Alabama Governor Kay Ivey, a self-identified Republican and Baptist, sided with athletes at a Seventh-day Adventist high school who had to forfeit a game when the high school’s athletic association State has been reluctant to reschedule a playoff game.
Students at Oakwood Adventist Academy in Huntsville, Alabama, were unable to participate in the Saturday, Feb. 19 game because the game began at 4:30 p.m. local time, about an hour before sunset, the end of the Sabbath, observed by Adventists and Jews, among other religious groups.
In a letter to Alvin Briggs, executive director of the Alabama High School Athletic Association, Ms Ivey said she was “very disturbed” by the sports group’s refusal of a request from Oakwood to change timeslots with a game at 7:30 p.m.
She noted that Faith Christian School, Oakwood’s opponent in that Northwest Alabama regional semifinal, had accepted the change. Decatur Heritage Christian Academy and Cornerstone School, which had the later timeslot, were also consenting.
“I read that AHSAA denied Oakwood’s simple request – not once but twice,” Ms. Ivey wrote. The school, she said, would be “forced either to play a game against the precepts of the faith of its players and coaches, or forfeit the game entirely, and thus lose the chance to continue a season. hard-fought and hard-won success. .”
Ms Ivey asked the group to respond so that their views are known “as reforms are considered in the days and weeks to come”.
In a separate letter to the Oakwood principal, Ms. Ivey invited the team to meet her at the state Capitol in Montgomery, and a school official said the visit should take place “within the next week. “.
Neither Ms. Ivey’s spokeswoman nor State Rep. Mac McCutcheon, also a Republican and speaker of the Alabama House of Representatives, responded to requests for comment. State Rep. Laura Hall, a Democrat who represents the Huntsville area, also did not return calls seeking comment.
An employee of the Alabama High School Athletic Association said its officers were absent from the state basketball championship and would not be available for comment. Instead, the group cited a letter from Mr. Briggs to Ms. Ivey, in which he insisted that Oakwood Adventist Academy had agreed to the group’s requirement to ‘participate in all playoff games without petition’. or give up these games.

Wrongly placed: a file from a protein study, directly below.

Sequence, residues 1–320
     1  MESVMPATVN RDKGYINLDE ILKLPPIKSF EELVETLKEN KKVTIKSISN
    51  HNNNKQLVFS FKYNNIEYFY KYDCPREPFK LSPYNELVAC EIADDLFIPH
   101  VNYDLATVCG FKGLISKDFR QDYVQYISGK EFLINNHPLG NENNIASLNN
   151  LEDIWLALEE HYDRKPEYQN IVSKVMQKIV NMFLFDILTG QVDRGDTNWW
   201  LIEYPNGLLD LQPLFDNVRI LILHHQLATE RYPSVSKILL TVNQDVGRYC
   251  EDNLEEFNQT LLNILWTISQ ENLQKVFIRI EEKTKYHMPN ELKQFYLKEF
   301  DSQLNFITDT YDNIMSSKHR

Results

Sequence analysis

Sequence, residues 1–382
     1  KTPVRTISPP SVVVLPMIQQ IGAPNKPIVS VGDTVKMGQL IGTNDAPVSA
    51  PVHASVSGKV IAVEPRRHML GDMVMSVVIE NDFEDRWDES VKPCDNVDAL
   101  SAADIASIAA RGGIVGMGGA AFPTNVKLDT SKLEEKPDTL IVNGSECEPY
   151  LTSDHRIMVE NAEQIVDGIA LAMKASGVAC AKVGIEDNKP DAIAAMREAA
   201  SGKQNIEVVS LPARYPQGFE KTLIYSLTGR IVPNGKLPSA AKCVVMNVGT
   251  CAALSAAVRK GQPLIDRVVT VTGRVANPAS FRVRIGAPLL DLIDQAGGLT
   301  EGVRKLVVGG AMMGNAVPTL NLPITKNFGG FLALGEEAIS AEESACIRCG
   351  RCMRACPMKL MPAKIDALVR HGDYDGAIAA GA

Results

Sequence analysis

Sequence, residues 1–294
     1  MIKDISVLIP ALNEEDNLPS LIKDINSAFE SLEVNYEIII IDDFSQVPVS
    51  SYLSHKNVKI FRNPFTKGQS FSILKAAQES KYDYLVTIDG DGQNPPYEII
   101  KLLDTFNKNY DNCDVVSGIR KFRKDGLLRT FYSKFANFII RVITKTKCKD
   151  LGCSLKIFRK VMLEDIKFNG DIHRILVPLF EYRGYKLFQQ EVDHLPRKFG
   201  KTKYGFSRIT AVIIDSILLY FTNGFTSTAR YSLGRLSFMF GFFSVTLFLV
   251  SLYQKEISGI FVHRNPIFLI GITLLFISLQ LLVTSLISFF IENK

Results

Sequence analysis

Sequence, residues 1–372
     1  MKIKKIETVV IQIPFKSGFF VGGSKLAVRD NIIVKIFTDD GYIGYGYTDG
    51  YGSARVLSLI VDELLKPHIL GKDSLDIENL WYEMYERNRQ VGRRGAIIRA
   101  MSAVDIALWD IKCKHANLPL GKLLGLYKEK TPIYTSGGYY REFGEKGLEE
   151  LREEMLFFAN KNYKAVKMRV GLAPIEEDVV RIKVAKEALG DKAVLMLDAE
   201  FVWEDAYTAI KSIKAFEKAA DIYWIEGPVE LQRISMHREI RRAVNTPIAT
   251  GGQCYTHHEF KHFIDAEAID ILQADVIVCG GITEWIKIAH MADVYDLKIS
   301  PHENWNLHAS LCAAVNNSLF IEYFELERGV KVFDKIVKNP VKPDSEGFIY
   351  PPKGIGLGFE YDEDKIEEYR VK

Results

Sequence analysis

“Granting an exemption … for whatever reason, every time a request is requested, would be chaotic,” Mr Briggs wrote, adding that “group member schools write the rules” and that Oakwood could suggest a rule change, but hasn’t.
But AHSAA’s demand that Oakwood sign a letter “promising not to exercise their rights was unconstitutional in itself,” said Todd R. McFarland, an attorney for the Seventh-day Adventist Church’s North American Division. . “We believe that the fact that it was given [by the school] has no legal effect.
Mr McFarland added that “Oakwood Academy has not made any decision” regarding legal action against AHSAA, “but is exploring all of its options”.
Nationally, collegiate athletics has often attempted to accommodate religious observance. In 2018, for example, the NCAA moved a college basketball game to allow Sabbath-keeping students from Yeshiva University, a Modern Orthodox Jewish school in New York City, to compete.
Calvin Morton, athletic director of Oakwood Adventist, told The Washington Times that “something has to change for [other] religious schools” as well as Oakwood.
“Having the governor behind you and supporting reasonable accommodation – that’s huge,” Morton said.
He said that in asking AHSAA for a time change, “we weren’t trying to forfeit… We were just asking, ‘Could you accommodate us for an hour, two or three hours, so we can play to the game and avoid the situation we are in right now?”
Morton noted that Oakwood University, also in Huntsville and also owned by the Adventist Church, saw Sabbath accommodations when its school teams competed in the Honda Campus All-Star Challenge, an academic bowl for historically black colleges and universities.
“I hope to believe it would be the same for high school and track and field, but unfortunately that’s not the case,” he said.